On April 10, 2015, the Reason Foundation held their third annual Pension Summit. The Summit focused on a recent report by the Foundation which concluded the 2012 Public Employees' Pension Reform Act failed to fix California's pension problems. The keynote speaker for the event was former San Jose Mayor Chuck Reed. Reed presented his 2016 ballot initiative aimed at dismantling California pensions at the event. IAFF Local 522, along with other public employee organizations, picketed the event, letting Reed know his pension busting efforts are not welcome in Sacramento.
|Pat Cook, in blue,|
After a string of court losses invalidating local governments' efforts to break their contractual obligations, Reed seeks to undermine Californians' constitutional rights by eliminating or altering the Contracts Clause in California’s Constitution. Currently, both the United States' Constitution and California’s Constitution include a Contracts Clause barring public entities from taking actions impairing contracts. The courts have construed the Contracts Clause as requiring the state, counties, and cities to provide promised pension benefits. In Allen v. City of Long Beach the California Supreme Court held an employee has a vested (i.e. contractual) right to receive the pension benefits his public employer promised him.
|Mike Feyh, in green, Local 522 Director of Membership Services|
The Contracts Clause prevents public entities from walking away from all their contractual obligations, not just pension obligations. The Contracts Clause protects all Californians from legislation that impairs contracts with public entities, such as bond repayment obligations and commercial contracts. Without it, public entities would likely not even be able to borrow from the bond market, because financial institutions would not be able to rely on agencies' promises to repay their debts. While Reed's goal is to attack public employees' property rights in their pension, his efforts could undermine governments' contracts with private citizens, vendors, businesses, and lenders.
In recent years, California courts have rejected local governments’ attempts to impair employees’ vested benefits to address supposed “fiscal emergencies.” Our office vindicated both the U.S. and California Contracts Clauses in several high profile court battles: Stockton (fiscal emergency declaration does not authorize City to renegotiate a closed labor contract), Los Angeles (fiscal emergency declaration does not permit freezing retiree medical benefits or imposing furloughs), Pacific Grove (Ballot measure capping PERS pension contributions unconstitutional). Similar rulings were obtained by the police and fire unions in San Jose invalidating in substantial measure Reed’s San Jose pension impairments.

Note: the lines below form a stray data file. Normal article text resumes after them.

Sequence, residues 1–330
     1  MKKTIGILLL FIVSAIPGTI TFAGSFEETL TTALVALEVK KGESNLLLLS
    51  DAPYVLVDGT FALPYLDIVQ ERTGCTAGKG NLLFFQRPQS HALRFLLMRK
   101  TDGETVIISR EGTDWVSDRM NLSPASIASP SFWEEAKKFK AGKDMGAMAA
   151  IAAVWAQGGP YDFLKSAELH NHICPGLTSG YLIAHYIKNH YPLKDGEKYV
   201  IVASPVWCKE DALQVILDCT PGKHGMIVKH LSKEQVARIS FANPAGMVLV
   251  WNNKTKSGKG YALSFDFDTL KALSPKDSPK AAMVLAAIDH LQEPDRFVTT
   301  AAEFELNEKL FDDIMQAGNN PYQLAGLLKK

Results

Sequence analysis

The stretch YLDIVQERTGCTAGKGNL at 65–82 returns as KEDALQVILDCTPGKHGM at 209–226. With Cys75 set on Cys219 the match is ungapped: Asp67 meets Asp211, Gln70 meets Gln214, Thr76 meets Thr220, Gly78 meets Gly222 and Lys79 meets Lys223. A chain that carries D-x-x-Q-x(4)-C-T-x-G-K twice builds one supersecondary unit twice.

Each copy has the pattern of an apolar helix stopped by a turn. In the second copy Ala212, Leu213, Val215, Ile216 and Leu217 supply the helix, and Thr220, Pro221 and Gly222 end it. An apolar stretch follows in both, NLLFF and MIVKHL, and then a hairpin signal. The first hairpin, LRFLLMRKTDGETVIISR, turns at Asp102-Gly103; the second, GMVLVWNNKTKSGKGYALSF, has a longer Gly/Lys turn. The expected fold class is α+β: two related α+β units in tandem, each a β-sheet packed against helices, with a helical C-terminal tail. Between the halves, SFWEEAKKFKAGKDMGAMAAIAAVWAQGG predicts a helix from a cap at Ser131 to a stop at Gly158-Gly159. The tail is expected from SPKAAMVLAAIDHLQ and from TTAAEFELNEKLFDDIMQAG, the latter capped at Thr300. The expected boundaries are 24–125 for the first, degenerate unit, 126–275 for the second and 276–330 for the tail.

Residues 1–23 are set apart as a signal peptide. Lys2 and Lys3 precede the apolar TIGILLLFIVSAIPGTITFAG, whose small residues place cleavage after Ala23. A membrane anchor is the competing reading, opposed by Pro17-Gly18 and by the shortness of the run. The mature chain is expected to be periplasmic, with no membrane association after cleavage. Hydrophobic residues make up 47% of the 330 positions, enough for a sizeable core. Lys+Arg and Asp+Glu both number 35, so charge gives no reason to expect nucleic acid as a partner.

To circumvent these Constitutional protections, Reed's initiative would grant public entities Chapter 9 Bankruptcy type powers to unilaterally modify their contractual obligations, but without the creditor protections and judicial oversight of bankruptcy proceedings. Reed abandoned a similar initiative on the ballot for the 2014 election after unsuccessfully suing Attorney General Kamala Harris over the title and summary her office assigned to it.
|Chris Andrew, Local 522|
City Vice President
Reed’s initiative would modify the Contracts Clause to allow public entities to impair their contractual obligations by majority vote of their governing body. Reed’s new initiative would likely accomplish this by repealing the California Contracts Clause altogether or singling out public employees for elimination of their Constitutional rights. Either approach is repugnant. Excluding public employees’ contracts from the Contracts Clause would allow governments to redirect money promised to public safety employees for politicians' personal spending priorities (politicians rarely return savings to the tax payers). Eliminating the Contracts Clause altogether would threaten everyone's contracts with the government.
Reed’s new initiative also fails to account for the Contracts Clause of the U.S. Constitution which provides the same protection against impairments of contract. Even if Reed succeeds in altering the California Constitution, future attacks on vested pension benefits will likely remain unconstitutional under the U.S. Constitution. California courts have held that the California and United States Contracts Clauses are construed the same. (See for example San Bernardino Public Employees Assn. v. City of Fontana and Kern v. City of Long Beach.) In the last 47 years, no court in the Ninth Circuit has upheld a public agency’s attempt to impair its own contractual obligations. (See So. Cal. Gas Co. v. Santa Ana.) Thus, damaging the California Constitution will not insulate Mr. Reed’s agenda from Constitutional protection.
Public employees are already working to expose Reed’s new initiative for what it is: an attempt to use the ballot box to accomplish what the courts already prohibited governments from doing. Keep an eye on this blog for continuing updates on Reed’s efforts to rewrite our Constitution.